An Israeli Jew of Ethiopian ethnicity is detained by police during a demonstration against what protesters say is institutional racism and brutality in the police force. Reuters/Baz Ratner

Violence disrupted an anti-racism demonstration in Tel Aviv this weekend. But comparisons to Baltimore miss the mark.

Thousands of Ethiopian Israelis took to the streets Sunday in Tel Aviv, a seaside city typically less exposed to Israel's cyclical unrest. According to reports, the protests began peacefully but dissolved into violence as night fell. Photographs of the event captured groups of protestors setting public property aflame; in others, bloodied demonstrators received medical attention. Forty-three protestors were ultimately arrested according to the New York Times, and 56 police officers were injured.

Sunday's events began as protests against the economic marginalization of and police brutality against Israel's Ethiopian-Jewish population, a small minority ethnic group that mostly emigrated from east Africa in the late 1980s and early 1990s. Coming on the heels of Baltimore's violent protests against the police killing of Freddie Gray, similarities were quickly drawn between the two episodes—namely, the mobilization of urban, black communities pushing back against aggressive policing.

According to AFP, roughly 30 percent of inmates at Ofek Prison, a detention center for minors near Tel Aviv, are Ethiopian Israelis—despite the fact that this group only constituting about 3 percent of the national population. As of 2012, the unemployment rate for Ethiopian Israelis was nine percent higher than the rest of Israel's Jewish citizens. (There was a 28 percent difference in employment over 2002-2003, which suggests the gap is closing.) Ethiopian Israelis, on average, earn hourly wages of 37 NIS ($9.50) compared to 53 NIS ($13.60) for the broader Jewish community.

(Brookdale Institute)

"Our parents were humiliated for years. We are not prepared to wait any longer to be recognised as equal citizens," a protester told the Guardian. "I’ve had enough of this behaviour by the police. I just don’t trust them any more," said another.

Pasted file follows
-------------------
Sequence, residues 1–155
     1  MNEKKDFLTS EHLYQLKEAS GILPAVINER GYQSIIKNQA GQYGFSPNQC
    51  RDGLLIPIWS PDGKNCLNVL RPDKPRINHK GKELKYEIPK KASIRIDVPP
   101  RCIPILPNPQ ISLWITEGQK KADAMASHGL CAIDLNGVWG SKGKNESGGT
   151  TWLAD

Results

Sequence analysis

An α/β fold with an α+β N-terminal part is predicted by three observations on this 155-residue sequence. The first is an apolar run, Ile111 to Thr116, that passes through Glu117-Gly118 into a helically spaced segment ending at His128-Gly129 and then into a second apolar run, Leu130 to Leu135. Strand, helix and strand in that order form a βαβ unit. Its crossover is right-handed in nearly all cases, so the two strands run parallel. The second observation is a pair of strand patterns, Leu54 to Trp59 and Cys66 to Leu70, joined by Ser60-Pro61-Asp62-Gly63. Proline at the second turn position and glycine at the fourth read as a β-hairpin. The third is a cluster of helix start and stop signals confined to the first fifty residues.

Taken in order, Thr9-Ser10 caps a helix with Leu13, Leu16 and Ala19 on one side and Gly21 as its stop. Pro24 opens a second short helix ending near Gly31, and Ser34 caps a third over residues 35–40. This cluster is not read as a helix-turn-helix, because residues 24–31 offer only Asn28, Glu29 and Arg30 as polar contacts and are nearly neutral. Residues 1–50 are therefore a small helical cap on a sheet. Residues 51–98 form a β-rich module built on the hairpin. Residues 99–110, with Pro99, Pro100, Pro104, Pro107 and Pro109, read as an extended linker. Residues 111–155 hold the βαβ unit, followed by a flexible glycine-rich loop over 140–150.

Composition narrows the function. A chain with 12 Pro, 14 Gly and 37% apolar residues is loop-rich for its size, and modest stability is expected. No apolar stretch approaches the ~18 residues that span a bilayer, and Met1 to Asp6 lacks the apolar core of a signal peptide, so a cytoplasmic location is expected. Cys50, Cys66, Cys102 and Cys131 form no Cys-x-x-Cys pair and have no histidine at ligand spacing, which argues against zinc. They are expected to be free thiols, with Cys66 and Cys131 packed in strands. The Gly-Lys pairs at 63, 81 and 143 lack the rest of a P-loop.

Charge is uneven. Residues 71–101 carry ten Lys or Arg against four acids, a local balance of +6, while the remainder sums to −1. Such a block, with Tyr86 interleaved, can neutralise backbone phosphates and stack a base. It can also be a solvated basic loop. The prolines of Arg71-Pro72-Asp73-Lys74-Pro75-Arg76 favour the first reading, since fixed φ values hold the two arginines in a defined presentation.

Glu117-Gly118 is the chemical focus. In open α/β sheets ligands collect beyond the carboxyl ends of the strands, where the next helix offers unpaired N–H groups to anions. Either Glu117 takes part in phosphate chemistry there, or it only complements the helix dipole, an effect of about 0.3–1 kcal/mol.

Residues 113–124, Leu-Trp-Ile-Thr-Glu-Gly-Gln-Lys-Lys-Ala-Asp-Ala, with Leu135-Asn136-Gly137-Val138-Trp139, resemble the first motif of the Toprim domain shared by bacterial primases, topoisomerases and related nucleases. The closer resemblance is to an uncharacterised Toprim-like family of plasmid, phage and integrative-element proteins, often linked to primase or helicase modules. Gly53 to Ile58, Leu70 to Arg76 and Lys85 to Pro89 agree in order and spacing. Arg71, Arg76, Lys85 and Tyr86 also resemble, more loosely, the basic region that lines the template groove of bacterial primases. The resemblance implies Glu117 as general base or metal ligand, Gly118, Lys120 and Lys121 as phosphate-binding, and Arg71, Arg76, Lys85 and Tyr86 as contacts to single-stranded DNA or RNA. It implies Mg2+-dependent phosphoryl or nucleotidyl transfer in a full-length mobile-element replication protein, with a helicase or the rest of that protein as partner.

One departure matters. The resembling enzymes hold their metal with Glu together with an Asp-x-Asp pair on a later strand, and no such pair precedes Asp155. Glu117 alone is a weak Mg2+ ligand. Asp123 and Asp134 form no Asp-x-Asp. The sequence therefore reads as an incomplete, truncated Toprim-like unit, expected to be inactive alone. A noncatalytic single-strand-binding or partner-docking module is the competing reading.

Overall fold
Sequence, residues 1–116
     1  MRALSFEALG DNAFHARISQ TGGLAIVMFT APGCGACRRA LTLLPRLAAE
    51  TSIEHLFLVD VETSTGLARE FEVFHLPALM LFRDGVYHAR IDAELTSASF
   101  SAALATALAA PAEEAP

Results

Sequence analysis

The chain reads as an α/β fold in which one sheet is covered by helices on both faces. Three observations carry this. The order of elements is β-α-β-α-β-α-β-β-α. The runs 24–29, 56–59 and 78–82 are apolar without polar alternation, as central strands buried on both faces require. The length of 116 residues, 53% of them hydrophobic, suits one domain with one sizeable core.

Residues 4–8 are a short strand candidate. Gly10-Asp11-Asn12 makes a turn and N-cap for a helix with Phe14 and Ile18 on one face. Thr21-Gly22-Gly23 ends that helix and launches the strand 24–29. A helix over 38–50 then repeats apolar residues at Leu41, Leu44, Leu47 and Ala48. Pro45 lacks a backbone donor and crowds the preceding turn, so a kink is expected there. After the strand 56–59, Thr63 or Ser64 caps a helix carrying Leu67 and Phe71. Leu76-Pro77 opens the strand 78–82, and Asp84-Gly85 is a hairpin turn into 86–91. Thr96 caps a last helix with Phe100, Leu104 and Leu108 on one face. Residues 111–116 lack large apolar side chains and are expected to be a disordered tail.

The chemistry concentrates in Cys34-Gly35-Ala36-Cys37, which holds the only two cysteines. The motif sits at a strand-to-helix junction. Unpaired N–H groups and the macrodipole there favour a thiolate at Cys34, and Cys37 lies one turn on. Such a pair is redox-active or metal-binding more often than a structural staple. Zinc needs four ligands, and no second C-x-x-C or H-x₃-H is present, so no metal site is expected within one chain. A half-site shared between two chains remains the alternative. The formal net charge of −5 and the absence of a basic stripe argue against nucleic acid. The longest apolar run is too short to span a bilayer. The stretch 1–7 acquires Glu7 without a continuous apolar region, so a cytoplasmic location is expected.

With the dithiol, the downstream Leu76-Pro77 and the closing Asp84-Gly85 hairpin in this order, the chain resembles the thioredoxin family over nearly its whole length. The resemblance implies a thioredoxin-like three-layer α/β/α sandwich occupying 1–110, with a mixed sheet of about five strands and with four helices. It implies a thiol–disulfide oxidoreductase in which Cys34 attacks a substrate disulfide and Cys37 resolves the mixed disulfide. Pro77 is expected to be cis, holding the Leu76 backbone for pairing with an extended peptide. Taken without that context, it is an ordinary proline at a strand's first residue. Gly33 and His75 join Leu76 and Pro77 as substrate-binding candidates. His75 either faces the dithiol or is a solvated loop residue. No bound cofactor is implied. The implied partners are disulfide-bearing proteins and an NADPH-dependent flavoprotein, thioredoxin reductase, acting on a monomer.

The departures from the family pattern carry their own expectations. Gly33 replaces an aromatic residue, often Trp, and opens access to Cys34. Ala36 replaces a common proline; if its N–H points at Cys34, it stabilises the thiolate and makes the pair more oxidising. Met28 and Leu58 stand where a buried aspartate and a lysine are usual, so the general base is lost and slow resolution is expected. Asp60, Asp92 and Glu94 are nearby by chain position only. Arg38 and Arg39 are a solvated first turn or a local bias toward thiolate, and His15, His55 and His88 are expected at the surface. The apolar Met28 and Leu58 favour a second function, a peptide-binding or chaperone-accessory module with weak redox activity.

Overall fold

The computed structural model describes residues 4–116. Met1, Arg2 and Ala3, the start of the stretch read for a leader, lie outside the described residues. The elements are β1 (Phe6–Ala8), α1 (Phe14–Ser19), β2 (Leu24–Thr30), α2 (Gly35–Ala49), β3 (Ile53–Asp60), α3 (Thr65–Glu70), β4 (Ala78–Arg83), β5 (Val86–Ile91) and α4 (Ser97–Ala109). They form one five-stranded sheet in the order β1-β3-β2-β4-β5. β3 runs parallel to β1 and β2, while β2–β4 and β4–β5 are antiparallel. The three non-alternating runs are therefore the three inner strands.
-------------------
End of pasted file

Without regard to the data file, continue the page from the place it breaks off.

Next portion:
USA Today interpreted the violence in Tel Aviv as an example of the Baltimore protests going Middle Eastern. "In Tel Aviv, echoes of Baltimore unrest," the paper wrote, citing a sign held by a protester that warned the Israeli Prime Minister, Benjamin Netanyahu, to "not let Baltimore reach Israel." But such comparisons leave a lot out of both situations. In fact, Tel Aviv demonstrators explicitly disowned any comparisons to the protests in Baltimore.

"The fact that we’re black doesn't mean that we're Baltimore," an Ethiopian-Israeli protestor told a reporter for Haaretz, a local newspaper.

(Reuters/Ronen Zvulun)

The stark divide between events in Tel Aviv and in Baltimore can be heard in the response of each government. Early statements by the Israeli government seemed to boldly back the protesters. Here's what Israeli President Reuven Rivlin told the press on Monday:

Protesters in Jerusalem and Tel Aviv revealed an open and bloody wound in the heart of Israeli society. This is a wound of a community sounding the alarm at what they feel is discrimination, racism and disregard of their needs. We must take a good hard look at this wound.

Among those protesting in the streets, there can be found the best of our boys and girls, excellent students and former soldiers. We must give them answers.

Rivlin's comments illuminated racial tensions in ways that President Barack Obama failed to address in the aftermath of Baltimore's protests. While responding to the situation in Baltimore last week, President Obama "struggled for a balance in his remarks," said the New York Times. He condemned America's history of police misconduct, calling it a "slow-rolling crisis." But he directly characterized factions of protesters, calling them "criminals and thugs," the latter term drawing significant—and warranted—criticism.

The unrest in Tel Aviv and Baltimore must be characterized through the lens of history of each city and disaffected group. And both nation's particular responses to the demands of their protestors will determine whether and how a long-term solution manifests.

Right now, the conciliatory response of the Israeli government suggests that the grievances of Tel Aviv's Ethiopian community will be heard and taken seriously. This is yet another way in which the protests there and in Baltimore—and throughout the United States—may differ.

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